Chuck Schumer (D-N.Y.) has introduced a new version of the DISCLOSE Act
according to a copy of the bill, which requires a raft of on-screen or on-air
disclosures on radio and TV campaign ads identifying what groups or individuals are
bill, a version of which has already passed the House, was a response to the
Supreme Court ruling last September that lifted the limits, but retained
disclosure requirements, on direct funding by corporations and unions of electioneering
communications (ads supporting or opposing the election of a candidate) in the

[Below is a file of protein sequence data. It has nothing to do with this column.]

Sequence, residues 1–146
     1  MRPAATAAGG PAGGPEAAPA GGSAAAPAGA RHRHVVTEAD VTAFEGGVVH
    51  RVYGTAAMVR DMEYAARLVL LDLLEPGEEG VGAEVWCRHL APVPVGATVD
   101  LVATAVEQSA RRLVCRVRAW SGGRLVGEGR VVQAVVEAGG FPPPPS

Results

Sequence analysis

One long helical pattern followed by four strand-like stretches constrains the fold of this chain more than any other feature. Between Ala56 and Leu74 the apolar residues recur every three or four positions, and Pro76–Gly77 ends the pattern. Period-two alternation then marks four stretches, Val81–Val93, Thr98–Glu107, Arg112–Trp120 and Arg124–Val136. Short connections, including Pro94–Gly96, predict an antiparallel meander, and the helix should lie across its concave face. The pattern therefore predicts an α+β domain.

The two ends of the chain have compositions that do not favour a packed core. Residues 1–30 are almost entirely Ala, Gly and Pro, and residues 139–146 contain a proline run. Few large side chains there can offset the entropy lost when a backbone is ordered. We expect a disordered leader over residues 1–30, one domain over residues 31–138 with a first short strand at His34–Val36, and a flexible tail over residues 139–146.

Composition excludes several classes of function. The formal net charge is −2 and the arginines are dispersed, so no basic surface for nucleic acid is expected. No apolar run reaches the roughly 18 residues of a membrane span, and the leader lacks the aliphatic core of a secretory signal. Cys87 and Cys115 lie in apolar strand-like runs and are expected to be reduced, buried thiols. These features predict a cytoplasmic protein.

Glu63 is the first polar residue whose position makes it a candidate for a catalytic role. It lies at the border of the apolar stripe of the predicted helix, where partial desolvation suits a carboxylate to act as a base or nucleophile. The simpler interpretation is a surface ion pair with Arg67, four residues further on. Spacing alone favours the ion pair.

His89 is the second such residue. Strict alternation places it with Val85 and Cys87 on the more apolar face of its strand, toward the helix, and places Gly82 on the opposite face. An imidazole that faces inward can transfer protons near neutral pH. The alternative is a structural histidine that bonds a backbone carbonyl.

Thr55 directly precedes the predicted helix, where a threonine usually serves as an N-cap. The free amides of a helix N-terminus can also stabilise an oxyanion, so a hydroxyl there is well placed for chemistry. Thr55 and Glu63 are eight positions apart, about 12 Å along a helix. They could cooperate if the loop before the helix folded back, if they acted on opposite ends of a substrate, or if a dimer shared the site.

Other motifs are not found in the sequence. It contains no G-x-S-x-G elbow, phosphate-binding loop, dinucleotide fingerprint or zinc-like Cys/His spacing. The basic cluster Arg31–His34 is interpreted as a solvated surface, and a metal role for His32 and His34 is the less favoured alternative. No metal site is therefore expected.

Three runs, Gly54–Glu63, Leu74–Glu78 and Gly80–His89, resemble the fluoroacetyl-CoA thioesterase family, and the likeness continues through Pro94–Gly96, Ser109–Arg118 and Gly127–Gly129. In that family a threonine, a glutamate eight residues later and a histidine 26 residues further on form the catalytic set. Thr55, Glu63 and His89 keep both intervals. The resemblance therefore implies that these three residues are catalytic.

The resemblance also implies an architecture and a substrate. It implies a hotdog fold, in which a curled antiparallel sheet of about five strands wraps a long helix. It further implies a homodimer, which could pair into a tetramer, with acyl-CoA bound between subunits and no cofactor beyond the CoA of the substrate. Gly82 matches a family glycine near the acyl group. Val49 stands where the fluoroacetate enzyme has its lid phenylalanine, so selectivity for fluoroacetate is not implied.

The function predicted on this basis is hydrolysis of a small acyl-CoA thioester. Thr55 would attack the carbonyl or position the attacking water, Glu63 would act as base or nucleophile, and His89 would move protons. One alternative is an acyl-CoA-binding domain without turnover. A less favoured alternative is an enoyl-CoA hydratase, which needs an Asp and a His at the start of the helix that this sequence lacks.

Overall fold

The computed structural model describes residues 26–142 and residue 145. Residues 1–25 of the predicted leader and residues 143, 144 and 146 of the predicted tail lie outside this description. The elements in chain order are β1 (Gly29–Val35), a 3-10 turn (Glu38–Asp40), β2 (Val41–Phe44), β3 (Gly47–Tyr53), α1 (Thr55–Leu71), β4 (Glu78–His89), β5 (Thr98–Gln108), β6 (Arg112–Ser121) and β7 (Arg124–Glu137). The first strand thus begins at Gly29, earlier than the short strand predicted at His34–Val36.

run-up to federal elections and primaries.
legislation is written so that the disclosures, which some broadcasters have
argued could take up all of a 15-second spot and most of a 30, would not apply
if the commercial is so short that it would "constitute a hardship to the
person paying for the communication by requiring a disproportionate amount of
the communications content to consist of the [disclaimer]."
bill is also written so that the new requirements will apply immediately upon
passage, whether or not the Federal Election Commission has produced
regulations to implement it (which would be hard to do before it passes).
is so the disclosures will apply to campaign ads for the mid-term elections.
The Senate could act on the
bill as early as next week.